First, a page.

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This Week in PNAS: Nov 9, 2010

In the PNAS Early Edition this week, researchers at the University of Pennsylvania and their colleagues in China report their "reversal of pre-existing hyperglycemia" in streptozotocin-treated, diabetic mice via the "acute and temporally controlled excision of the Men1 gene, which encodes menin." In addition, the team shows than Men1 excision improved glucose metabolism and "upregulated a group of pro-proliferative genes in pancreatic islets," which they say supports the idea that "established hyperglycemia can be reversed through repression of a single gene, Men1."

In another paper published online in advance in PNAS, investigators at the National Cancer Institute show that methyl CpGs produce DNA binding sites at "half-CRE and half-C/EBP sequences for [the transcription factor] C/EBPα that are needed to activate tissue-specific genes." Using transfection assays, the NCI team found that "C/EBPα activates the CRE sequence only when it is methylated," which was biologically significant in "differentiating primary keratinocyte cultures from newborn mice where certain methylated promoters are both bound by C/EBPα and activated upon differentiation." In their subsequent cell culture transfections, the team found that half-CRE and half-C/EBP sequences must be methylated for C/EBPα-mediated activation.

A public-private research collaboration among researchers at Dow AgroSciences and the University of Missouri reports online in PNAS this week that aryloxyalkanoate dioxygenase transgenes confer "robust crop resistance to broadleaf and grass herbicides." The team found that maize plants transformed with an AAD-1 gene were resistant to aryloxyphenoxypropionate herbicides over four generations and were not harmed by 2,4-D applications. Arabidopsis plants expressing AAD-12, the authors show, "were resistant to 2,4-D as well as triclopyr and fluroxypyr," while "transgenic soybean plants expressing AAD-12 maintained field resistance to 2,4-D over five generations."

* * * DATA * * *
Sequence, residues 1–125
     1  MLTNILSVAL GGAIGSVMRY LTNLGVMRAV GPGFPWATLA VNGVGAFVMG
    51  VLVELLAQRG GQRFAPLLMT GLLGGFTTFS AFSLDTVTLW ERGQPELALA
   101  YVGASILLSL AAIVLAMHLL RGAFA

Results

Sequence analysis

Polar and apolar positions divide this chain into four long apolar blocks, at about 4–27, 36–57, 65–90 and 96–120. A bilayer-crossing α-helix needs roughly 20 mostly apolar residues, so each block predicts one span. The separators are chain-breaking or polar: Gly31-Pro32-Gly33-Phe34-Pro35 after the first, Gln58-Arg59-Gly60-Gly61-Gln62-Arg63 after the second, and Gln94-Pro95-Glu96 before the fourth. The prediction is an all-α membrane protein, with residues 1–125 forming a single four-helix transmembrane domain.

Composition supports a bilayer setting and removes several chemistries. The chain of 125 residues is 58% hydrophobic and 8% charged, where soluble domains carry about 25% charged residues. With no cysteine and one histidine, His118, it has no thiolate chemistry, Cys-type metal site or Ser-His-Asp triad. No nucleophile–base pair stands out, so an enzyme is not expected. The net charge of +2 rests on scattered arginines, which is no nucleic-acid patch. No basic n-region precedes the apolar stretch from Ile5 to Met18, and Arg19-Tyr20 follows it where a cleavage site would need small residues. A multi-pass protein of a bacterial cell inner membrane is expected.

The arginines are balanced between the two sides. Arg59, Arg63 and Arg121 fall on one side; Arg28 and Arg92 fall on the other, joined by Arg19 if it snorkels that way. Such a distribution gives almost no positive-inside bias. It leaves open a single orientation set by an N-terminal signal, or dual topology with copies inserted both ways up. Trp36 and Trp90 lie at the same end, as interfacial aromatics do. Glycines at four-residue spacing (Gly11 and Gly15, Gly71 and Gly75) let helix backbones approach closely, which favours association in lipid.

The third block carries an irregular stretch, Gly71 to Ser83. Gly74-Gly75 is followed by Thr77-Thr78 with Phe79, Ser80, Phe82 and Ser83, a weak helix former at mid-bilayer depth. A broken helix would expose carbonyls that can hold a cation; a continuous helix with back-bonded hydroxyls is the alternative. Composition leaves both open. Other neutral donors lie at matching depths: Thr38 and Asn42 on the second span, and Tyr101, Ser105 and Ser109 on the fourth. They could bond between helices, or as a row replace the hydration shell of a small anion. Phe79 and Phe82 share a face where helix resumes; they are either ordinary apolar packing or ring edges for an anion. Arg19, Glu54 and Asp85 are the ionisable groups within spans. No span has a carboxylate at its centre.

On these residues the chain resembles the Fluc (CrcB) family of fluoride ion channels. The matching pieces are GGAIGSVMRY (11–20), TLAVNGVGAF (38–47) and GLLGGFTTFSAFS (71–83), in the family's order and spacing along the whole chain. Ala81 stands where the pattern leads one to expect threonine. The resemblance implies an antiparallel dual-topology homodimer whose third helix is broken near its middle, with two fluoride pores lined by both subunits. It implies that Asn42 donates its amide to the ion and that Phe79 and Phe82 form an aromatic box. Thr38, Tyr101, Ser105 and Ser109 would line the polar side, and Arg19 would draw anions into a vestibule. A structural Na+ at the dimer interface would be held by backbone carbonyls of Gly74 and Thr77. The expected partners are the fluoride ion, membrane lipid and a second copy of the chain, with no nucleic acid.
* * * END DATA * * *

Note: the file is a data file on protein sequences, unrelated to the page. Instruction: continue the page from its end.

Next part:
Researchers in Europe this week show that a "genetically encoded, specific, universal, and phenotypically neutral" dendritic marker, DenMark — which is a "hybrid protein of the mouse protein ICAM5/Telencephalin and the red fluorescent protein mCherry" — is a "powerful tool for revealing novel aspects of the neuroanatomy of developing dendrites, identifying previously unknown dendritic arbors, and elucidating neuronal connectivity" in Drosophila.

The Scan

Positive Framing of Genetic Studies Can Spark Mistrust Among Underrepresented Groups

Researchers in Human Genetics and Genomics Advances report that how researchers describe genomic studies may alienate potential participants.

Small Study of Gene Editing to Treat Sickle Cell Disease

In a Novartis-sponsored study in the New England Journal of Medicine, researchers found that a CRISPR-Cas9-based treatment targeting promoters of genes encoding fetal hemoglobin could reduce disease symptoms.

Gut Microbiome Changes Appear in Infants Before They Develop Eczema, Study Finds

Researchers report in mSystems that infants experienced an enrichment in Clostridium sensu stricto 1 and Finegoldia and a depletion of Bacteroides before developing eczema.

Acute Myeloid Leukemia Treatment Specificity Enhanced With Stem Cell Editing

A study in Nature suggests epitope editing in donor stem cells prior to bone marrow transplants can stave off toxicity when targeting acute myeloid leukemia with immunotherapy.